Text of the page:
SACRAMENTO, Calif. — By a vote of 42 to 31, the California Assembly passed Senate Bill 120, statewide legislation requiring fast-food outlets and chain restaurants to provide nutrition information at the point of purchase.
"The Assembly vote confirms that 35 million Californians have a right to know what they are eating before they order it," said Dr. Harold Goldstein of the California Center for Public Health Advocacy, a sponsor of the legislation.
When signed by Governor Arnold Schwarzenegger, SB 120 will make California the first state to require chain restaurants and fast-food outlets to provide nutritional information for standard menu items. Specifically, the bill requires the number of calories to be posted on menu boards. Printed menus also would provide the amount of calories, grams of saturated fat, trans fats, sodium and carbohydrates.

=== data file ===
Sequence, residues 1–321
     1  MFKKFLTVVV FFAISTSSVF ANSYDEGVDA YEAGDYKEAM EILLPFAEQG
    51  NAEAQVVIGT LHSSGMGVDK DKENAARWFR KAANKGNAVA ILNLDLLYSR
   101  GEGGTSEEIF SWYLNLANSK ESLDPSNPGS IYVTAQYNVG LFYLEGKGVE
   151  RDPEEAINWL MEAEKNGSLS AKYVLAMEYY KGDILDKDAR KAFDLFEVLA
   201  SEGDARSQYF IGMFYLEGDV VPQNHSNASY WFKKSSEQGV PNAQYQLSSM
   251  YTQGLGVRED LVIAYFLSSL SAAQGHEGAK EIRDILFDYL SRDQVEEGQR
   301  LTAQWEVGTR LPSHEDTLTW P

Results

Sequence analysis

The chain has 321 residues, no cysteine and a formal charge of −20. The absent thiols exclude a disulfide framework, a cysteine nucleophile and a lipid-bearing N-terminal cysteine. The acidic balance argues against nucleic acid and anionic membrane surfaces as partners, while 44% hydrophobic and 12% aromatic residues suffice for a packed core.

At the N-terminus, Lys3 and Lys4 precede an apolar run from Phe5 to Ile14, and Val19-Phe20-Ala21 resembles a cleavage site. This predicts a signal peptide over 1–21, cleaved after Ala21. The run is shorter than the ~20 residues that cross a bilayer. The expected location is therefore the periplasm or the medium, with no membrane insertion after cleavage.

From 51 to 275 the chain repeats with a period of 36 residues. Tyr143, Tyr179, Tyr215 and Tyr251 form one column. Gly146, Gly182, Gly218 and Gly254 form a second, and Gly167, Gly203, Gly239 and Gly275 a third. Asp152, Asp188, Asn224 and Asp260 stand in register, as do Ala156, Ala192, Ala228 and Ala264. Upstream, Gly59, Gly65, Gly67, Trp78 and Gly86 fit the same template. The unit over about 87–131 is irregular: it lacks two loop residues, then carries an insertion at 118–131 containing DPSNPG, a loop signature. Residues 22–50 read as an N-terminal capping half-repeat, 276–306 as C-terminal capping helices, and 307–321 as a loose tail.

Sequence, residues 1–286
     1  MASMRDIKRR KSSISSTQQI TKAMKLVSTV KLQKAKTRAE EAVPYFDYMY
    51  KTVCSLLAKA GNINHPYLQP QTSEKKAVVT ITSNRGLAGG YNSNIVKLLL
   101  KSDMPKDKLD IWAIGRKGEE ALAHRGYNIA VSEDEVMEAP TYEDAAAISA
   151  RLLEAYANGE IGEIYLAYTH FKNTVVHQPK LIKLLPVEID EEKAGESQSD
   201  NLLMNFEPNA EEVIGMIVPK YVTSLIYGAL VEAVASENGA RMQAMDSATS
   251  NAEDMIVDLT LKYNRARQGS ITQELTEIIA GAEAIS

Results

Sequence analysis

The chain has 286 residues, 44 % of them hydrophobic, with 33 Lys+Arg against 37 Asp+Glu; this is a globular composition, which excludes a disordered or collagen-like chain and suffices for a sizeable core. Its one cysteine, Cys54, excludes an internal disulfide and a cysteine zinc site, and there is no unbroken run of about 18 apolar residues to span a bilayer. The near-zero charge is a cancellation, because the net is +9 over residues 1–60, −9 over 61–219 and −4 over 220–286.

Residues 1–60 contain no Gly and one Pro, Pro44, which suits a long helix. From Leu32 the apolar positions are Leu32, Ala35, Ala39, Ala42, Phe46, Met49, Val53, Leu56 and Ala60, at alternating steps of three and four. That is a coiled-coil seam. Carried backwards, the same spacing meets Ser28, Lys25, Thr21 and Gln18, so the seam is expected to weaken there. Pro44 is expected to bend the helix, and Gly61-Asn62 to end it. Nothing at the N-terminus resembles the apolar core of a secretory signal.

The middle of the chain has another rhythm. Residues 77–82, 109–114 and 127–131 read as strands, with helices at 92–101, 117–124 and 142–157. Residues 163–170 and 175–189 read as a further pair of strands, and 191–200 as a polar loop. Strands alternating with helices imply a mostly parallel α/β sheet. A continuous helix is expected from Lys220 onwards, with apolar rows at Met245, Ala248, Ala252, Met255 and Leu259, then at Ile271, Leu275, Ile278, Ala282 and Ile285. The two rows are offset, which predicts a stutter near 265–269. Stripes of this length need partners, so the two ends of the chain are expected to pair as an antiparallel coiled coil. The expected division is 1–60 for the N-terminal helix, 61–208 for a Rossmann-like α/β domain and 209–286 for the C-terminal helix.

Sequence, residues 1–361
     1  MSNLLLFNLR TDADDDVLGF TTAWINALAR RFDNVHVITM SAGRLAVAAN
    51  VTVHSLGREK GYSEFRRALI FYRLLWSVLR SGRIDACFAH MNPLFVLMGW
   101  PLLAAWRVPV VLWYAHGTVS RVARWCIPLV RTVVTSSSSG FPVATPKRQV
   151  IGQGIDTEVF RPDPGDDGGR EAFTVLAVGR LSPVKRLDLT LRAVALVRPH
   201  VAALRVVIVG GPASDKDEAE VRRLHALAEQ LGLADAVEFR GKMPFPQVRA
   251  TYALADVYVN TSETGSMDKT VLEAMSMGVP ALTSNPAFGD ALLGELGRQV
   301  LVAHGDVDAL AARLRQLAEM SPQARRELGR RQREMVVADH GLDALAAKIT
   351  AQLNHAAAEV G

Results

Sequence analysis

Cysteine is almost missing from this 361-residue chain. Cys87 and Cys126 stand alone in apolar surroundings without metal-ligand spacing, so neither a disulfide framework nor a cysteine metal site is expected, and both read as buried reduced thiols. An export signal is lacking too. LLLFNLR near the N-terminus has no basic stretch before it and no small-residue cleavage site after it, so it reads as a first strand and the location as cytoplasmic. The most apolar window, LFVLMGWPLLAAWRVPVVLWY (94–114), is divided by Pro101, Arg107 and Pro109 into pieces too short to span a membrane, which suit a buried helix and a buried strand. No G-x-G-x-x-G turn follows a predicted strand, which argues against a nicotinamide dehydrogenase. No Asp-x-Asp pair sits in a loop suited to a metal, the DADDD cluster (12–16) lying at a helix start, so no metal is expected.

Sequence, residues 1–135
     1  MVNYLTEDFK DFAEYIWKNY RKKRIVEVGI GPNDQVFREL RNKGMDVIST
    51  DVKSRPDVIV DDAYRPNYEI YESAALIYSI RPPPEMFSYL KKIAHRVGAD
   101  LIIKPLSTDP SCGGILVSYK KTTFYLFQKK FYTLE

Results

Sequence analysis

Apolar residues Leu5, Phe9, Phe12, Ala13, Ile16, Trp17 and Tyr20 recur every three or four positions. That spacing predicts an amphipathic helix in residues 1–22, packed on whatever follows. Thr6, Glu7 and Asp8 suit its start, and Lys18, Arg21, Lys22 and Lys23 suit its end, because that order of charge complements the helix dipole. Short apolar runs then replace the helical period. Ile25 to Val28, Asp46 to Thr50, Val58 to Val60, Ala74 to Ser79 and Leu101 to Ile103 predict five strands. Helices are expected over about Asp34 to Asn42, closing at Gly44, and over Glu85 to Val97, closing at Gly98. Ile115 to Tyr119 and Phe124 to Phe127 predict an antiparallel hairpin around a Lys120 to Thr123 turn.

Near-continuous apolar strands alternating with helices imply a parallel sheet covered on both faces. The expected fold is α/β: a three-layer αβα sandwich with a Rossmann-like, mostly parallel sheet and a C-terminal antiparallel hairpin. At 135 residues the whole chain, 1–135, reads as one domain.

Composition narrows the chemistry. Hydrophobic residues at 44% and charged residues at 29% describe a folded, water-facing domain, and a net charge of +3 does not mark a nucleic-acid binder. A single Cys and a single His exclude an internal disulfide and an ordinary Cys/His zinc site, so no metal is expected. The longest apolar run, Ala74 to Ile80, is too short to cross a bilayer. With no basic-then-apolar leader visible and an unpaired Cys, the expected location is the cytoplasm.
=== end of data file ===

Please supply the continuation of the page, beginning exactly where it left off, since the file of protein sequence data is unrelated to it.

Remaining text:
Earlier this year, New York City and Washington State's King County mandated similar menu labeling requirements. California's SB 120, however, marks the first time that a state legislature has passed this policy.